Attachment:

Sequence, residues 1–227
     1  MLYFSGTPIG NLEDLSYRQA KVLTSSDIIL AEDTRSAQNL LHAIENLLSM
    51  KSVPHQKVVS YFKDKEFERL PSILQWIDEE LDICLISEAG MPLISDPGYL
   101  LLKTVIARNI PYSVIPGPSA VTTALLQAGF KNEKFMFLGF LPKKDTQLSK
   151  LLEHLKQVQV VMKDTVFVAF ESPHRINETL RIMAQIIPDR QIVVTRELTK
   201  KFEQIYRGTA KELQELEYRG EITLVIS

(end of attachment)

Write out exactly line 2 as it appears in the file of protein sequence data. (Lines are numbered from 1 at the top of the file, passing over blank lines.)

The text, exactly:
     1  MLYFSGTPIG NLEDLSYRQA KVLTSSDIIL AEDTRSAQNL LHAIENLLSM